Gareth Bale is relishing the prospect of his home city Cardiff kicking off the Euro 2028 party.
The former Wales forward, 34, was part of the delegation in Nyon as the UK and Ireland’s bid to host the tournament was formally approved by UEFA.
Football Association of Wales chief executive Noel Mooney confirmed Cardiff’s Principality Stadium had been proposed by the bid team as the host venue for the tournament’s opening match — subject to UEFA approval.
And Bale believes his country can set the tone for the rest of the event.
He said: “We’ve hosted the Champions League final, we did an incredible job.
“Our fans are very passionate and our country is a very passionate country. So if we were to able to get that first game, I think it would be incredible for the country.”
Ex-Real Madrid star Bale believed the run to the semi-finals of Euro 2016 “changed the face of football” in rugby-mad Wales and believes co-hosting 2028 can attract even more young people to the sport.
Bale said: “It’s not just about having the tournament, it’s what it will do for kids growing up.
“I can remember when I was younger, we used to watch the tournament in different countries.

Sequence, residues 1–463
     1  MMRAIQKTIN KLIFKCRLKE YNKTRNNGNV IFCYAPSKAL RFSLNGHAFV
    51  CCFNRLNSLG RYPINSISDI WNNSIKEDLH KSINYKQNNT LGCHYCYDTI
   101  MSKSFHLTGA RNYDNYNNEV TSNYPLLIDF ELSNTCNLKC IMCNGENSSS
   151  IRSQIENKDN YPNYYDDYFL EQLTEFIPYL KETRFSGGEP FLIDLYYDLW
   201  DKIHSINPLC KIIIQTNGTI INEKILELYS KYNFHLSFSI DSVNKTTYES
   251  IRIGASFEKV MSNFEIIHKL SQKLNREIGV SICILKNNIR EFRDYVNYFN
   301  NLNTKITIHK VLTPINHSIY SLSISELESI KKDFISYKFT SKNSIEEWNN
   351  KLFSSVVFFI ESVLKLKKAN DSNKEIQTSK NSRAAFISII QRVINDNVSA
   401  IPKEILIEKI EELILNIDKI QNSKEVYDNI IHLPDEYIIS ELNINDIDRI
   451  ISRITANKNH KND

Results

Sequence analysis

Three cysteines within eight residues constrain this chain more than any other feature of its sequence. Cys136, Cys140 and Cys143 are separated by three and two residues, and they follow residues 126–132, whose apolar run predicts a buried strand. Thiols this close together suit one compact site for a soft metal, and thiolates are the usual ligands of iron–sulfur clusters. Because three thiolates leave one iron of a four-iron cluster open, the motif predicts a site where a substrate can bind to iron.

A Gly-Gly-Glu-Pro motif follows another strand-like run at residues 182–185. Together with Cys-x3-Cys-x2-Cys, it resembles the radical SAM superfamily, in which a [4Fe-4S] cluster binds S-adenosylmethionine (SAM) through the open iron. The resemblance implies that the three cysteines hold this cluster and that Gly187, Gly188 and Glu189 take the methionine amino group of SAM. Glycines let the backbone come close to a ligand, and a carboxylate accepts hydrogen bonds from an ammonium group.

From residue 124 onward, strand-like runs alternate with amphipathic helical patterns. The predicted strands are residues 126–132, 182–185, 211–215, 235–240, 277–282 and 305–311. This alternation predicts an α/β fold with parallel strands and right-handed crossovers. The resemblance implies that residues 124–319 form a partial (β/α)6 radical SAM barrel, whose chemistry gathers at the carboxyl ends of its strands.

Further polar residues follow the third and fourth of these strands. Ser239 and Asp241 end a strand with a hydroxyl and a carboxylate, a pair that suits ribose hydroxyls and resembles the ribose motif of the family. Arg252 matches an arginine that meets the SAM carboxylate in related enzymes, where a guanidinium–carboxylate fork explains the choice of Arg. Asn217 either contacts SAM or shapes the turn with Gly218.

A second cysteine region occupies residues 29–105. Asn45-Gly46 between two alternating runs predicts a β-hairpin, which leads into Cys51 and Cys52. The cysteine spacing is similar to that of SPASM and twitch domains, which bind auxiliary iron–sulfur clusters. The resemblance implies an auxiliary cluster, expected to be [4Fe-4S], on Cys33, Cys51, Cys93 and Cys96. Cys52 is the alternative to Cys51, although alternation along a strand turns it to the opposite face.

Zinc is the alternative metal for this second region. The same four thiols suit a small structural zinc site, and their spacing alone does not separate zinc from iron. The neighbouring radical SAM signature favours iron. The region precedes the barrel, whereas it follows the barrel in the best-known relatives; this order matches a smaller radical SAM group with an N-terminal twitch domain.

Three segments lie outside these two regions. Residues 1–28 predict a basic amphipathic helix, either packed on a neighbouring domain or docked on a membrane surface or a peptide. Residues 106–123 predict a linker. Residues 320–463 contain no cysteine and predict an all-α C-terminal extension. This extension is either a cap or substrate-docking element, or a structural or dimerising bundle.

“So to have it on your doorstep, that atmosphere, those kids are going to be watching their idols and their heroes playing and I think that will inspire the next generation even more and leading into the future that will only create more players hopefully to be available for the national team.”
Mooney highlighted how, in his experience, the Euros had demonstrated its power to change perceptions towards football in both Wales and his native Ireland.
He recalled: “I grew up in the west of Ireland and 1988 was our first European Championship. We played England and Ray Houghton scored with a header.
“That goal changed not just football but the country. It boosted the confidence of the whole nation.
“When Ray scored that goal it suddenly became acceptable and admired to play football and we saw hundreds and hundreds of football clubs spring up all over the country.”